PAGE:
J. Service Science & Management, 2010, 3, 265-271
doi:10.4236/jssm.2010.32032 Published Online June 2010 (http://www.SciRP.org/journal/jssm)
Copyright © 2010 SciRes. JSSM
Exploring the Nature of Information Systems
Development Methodology: A Synthesized View
Based on a Literature Review
Daniela Mihailescu1, Marius Mihailescu2
1Jönköping International Business School, Jönköping, Sweden; 2School of Economics and Management, Lund University, Lund, Sweden.
Email: {daniela.mihailescu, marius.mihailescu}@ihh.hj.se
Received July 18th, 2009; revised February 25th, 2010; accepted April 16th, 2010.
New Information Systems Development Methodologies (ISDMs) are suggested in the belief that their deployment would
be beneficial to consultants in their work. A large number of ISDMs already exist but their value has been questioned
and at the same time new methodologies continue to be introduced in an attempt to support and improve the practice of
information systems development work. What is not always clear from current studies is that ISDM is a multi-perspec-
tive and cross-discipline phenomenon. Although a large amount of knowledge of ISDM is available, different discipli-
nary interests have resulted in fragmented assessments of it. This paper intends to identify theoretical perspectives ap-
plied in the conceptualization of ISDM. A review of the literature on ISDM was conducted and four different theoretical
perspectives were identified: 1) system, 2) structure, 3) innovation, and 4) knowledge. While each perspective provides
various overarching depictions of ISDM, the synthesized view of ISDM provided in this study reveals the complexities
and ambiguities of a multifaceted phenomenon such as ISDM. Suggestions for an alternative conceptualization of ISDM
are provided in an attempt to facilitate the investigation of ISDM.
Keywords: Information Systems Development Methodology, CASE Tools, Software Process Innovation, Literature Review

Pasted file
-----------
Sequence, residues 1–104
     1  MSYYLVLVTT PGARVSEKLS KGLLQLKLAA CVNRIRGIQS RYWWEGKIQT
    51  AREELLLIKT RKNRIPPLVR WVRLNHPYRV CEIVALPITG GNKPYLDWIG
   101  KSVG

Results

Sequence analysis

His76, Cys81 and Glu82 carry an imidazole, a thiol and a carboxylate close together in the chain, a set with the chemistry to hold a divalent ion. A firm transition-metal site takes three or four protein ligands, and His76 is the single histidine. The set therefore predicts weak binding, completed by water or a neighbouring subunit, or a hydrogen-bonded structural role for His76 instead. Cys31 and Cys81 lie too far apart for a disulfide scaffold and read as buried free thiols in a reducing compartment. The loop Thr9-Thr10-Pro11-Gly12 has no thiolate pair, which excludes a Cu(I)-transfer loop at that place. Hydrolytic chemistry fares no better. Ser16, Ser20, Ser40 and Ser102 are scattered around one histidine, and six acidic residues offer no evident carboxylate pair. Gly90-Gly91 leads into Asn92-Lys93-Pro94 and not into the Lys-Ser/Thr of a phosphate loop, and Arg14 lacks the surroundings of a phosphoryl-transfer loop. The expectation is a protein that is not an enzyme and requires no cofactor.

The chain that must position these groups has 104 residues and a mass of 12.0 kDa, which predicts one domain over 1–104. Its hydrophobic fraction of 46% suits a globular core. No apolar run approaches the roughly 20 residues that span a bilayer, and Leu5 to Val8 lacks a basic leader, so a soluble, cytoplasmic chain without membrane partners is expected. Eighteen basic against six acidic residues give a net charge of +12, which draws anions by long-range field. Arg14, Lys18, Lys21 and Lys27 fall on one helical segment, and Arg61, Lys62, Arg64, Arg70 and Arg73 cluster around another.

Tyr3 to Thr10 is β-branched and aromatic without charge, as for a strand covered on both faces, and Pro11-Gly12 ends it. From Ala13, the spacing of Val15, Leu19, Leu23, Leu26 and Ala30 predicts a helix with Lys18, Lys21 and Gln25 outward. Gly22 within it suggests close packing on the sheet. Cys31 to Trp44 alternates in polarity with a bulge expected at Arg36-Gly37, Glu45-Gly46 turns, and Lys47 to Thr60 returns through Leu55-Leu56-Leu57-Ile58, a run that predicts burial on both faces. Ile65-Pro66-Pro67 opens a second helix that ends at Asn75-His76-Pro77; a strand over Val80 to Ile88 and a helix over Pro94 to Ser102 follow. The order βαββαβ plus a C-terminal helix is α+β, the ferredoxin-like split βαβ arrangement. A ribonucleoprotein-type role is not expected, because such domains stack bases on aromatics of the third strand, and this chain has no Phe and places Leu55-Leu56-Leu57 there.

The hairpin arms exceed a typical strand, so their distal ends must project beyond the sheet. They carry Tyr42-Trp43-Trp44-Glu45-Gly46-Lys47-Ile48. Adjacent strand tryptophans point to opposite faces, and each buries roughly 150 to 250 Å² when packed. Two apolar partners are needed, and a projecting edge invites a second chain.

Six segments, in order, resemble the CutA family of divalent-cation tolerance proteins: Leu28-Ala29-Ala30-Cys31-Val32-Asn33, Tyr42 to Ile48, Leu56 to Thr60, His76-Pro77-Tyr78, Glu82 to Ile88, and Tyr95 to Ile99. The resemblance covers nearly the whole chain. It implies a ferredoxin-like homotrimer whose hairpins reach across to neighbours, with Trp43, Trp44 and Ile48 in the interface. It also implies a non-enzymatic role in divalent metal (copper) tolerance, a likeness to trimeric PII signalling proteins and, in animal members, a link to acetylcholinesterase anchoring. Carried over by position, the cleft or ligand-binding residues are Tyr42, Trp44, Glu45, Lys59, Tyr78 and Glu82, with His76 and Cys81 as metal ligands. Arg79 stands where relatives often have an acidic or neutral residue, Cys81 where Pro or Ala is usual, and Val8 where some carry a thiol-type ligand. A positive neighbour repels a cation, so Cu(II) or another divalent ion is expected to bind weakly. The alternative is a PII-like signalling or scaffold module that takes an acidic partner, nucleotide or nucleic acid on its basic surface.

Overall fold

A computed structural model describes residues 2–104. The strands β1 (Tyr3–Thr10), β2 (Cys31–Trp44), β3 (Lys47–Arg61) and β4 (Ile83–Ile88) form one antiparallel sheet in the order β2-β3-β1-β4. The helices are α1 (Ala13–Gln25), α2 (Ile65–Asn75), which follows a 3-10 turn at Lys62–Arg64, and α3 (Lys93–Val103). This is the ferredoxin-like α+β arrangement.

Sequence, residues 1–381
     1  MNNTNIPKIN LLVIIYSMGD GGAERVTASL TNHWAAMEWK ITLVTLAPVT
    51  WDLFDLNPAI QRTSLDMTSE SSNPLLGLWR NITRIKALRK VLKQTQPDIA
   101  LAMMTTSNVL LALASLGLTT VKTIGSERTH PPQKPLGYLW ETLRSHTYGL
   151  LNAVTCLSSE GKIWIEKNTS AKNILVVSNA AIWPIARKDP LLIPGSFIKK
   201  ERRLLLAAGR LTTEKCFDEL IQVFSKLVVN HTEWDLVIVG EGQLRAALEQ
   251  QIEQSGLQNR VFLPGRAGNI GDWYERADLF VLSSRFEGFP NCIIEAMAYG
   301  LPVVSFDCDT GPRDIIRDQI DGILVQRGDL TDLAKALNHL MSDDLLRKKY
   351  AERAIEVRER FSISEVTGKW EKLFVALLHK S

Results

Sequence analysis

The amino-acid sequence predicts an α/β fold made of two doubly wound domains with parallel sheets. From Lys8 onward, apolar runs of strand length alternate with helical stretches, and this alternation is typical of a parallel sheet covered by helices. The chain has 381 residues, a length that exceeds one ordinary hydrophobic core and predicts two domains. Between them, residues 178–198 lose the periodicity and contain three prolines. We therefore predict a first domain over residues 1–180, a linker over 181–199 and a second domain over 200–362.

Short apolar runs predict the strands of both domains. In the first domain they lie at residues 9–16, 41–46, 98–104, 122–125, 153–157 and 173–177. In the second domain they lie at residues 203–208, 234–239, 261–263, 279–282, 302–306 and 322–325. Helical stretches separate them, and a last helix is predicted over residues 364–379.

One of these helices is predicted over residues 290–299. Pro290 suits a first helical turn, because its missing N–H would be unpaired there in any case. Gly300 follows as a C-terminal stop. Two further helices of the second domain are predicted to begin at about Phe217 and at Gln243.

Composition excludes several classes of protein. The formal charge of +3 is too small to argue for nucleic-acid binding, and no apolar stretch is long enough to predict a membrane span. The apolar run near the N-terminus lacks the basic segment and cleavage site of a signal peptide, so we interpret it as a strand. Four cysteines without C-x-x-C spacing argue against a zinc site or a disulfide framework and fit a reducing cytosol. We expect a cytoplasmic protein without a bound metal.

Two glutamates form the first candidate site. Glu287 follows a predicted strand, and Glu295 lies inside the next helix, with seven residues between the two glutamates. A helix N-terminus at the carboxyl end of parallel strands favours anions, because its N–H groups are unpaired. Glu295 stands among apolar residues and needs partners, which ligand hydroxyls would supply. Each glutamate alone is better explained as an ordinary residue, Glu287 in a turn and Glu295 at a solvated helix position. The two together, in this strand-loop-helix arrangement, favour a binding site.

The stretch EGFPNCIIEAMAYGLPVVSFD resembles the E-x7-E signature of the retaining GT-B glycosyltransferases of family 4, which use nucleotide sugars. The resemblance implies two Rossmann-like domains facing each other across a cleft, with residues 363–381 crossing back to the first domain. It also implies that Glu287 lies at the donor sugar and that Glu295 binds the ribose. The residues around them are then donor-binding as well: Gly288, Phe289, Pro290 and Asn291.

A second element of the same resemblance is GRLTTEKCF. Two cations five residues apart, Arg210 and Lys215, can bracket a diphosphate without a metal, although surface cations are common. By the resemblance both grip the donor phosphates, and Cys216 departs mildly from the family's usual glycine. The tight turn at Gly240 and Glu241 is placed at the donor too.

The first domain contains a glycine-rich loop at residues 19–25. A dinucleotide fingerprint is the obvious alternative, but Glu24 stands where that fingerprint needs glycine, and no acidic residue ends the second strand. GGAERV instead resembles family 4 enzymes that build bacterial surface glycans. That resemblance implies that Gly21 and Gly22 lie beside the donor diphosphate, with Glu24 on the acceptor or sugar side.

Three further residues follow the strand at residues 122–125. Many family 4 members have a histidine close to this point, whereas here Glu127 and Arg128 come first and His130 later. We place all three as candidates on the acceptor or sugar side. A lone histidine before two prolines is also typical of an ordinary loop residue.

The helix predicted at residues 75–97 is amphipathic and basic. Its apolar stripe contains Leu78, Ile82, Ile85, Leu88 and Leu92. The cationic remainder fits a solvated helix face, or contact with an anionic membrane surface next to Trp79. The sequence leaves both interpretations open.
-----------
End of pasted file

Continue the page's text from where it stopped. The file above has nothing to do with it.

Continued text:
1. Introduction
In response to the pressure for more efficiency and effec-
tiveness as well as flexibility and quality in Information
Systems Development (ISD), new development models
and methods, such as rapid product development, agile
software development, and component-based develop-
ment, have been suggested and are considered to be
beneficial to consultants in their work. Yet, the quality of
IS continues to be problematic, resulting in various out-
comes and, once again, calling into question the value of
the new information Systems Development Methodolo-
gies (ISDM). What is not always clear from current IS
studies is the fact that ISDM represents a multi-perspec-
tive and cross-level phenomenon of study. In line with
other authors [1,2], it is these authors’ contention as well
that ISDM have a central role in implementing or de-
signing IS and educating tomorrow’s professionals. At
the same time, the opinion of these authors is that exist-
ing descriptive and fragmented approaches to studying
ISDM provide contradictory results, on the one hand
reducing the likelihood of understanding and hence of
supporting the design of constantly evolving systems, on
the other hand limiting the relevance and value of our
theories and educational programs.
2. Challenging Issues Related to ISDM
The history of ISDM goes back to the 1960s and to the
use of computers by businesses and the emergence of
business applications, which represented a novel area of
interest registering a rapid expansion [3]. Since then, the
study of ISDM has attracted researchers across a range of
research fields offering a rich set of descriptions and ex-
planations of the ISDM phenomenon. Considerable at-
tention from practitioners and several research streams
has contributed to an impressive knowledge base for ef-
ficient and effective ways of developing information